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Rosen v. Trustees of Camden Charities (2000) The Times, 13 December 2000
Finally, a gallant attempt by the leaseholder, Mr Rosen, to argue that the construction of his house on the site of a former workhouse sometime between 1850 and 1852, when the original leasehold term in fact was expressed from 1849 (i.e. before the house had actually been built), meant that the construction of the house was an "improvement" to be disregarded in assessing the price now payable for the reversion, was unsuccessful.
The Court of Appeal took a broad, purposive view of the relevant legislation: "The building of a new house on a bare site was not the improvement of a house and premises but the provision of a house", said the court. In the words of Evans-Lombe, J:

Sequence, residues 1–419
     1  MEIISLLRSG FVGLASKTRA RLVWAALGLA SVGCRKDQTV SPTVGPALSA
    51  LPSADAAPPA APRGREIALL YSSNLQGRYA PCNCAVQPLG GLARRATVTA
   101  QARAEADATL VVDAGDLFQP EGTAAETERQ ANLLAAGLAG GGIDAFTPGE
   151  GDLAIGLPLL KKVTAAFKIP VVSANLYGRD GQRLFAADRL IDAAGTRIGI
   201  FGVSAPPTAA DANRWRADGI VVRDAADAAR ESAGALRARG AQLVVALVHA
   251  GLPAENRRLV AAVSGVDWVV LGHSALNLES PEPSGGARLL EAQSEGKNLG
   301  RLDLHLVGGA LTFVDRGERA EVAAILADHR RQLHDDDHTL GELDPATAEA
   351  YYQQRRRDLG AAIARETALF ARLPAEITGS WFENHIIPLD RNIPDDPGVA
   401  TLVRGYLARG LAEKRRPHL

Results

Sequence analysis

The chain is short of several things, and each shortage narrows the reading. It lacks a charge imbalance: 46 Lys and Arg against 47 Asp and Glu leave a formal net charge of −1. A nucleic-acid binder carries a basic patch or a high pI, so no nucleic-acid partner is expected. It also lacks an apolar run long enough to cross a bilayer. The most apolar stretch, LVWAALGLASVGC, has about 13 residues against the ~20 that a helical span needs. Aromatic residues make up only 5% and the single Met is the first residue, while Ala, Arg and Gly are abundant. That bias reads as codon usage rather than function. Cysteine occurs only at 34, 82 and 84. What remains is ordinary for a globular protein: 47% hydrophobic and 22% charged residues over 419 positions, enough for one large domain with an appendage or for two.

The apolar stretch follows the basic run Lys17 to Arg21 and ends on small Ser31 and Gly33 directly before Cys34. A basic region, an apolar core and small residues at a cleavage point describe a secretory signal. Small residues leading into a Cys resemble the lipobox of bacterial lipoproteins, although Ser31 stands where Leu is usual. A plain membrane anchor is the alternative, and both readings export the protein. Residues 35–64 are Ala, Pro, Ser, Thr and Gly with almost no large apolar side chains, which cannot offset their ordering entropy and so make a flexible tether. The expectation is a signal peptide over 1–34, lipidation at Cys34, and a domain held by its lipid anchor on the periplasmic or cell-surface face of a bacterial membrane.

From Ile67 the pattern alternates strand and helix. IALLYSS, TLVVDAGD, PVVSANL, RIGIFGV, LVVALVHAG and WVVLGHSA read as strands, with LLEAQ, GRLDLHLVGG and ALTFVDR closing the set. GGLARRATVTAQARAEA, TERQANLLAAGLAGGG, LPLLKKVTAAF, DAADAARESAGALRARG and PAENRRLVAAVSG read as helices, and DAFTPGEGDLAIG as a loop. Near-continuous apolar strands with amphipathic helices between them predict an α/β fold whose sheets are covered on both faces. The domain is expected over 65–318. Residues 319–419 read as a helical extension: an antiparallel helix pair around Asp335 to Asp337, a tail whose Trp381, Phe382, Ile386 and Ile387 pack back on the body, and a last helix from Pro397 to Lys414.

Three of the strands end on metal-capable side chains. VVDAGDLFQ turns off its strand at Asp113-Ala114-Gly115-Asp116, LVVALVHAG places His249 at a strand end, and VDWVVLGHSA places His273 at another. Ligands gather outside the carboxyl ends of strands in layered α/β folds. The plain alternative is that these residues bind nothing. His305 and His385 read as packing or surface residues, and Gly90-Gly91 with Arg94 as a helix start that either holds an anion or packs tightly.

The purpose of s. 9 (1A) (d) of the 1967 Act as inserted by s. 118 (4) of the Housing Act 1974 was simply to guide a valuer so as to exclude from the open market value of the house and premises … any improvement carried out by the tenant or his predecessors by which the value of the house and premises had been increased [and] the original construction of the house could not constitute such an improvement.
The law as stated as it is understood to be as at 1 January 2001.
G. WatersonRosalind Lee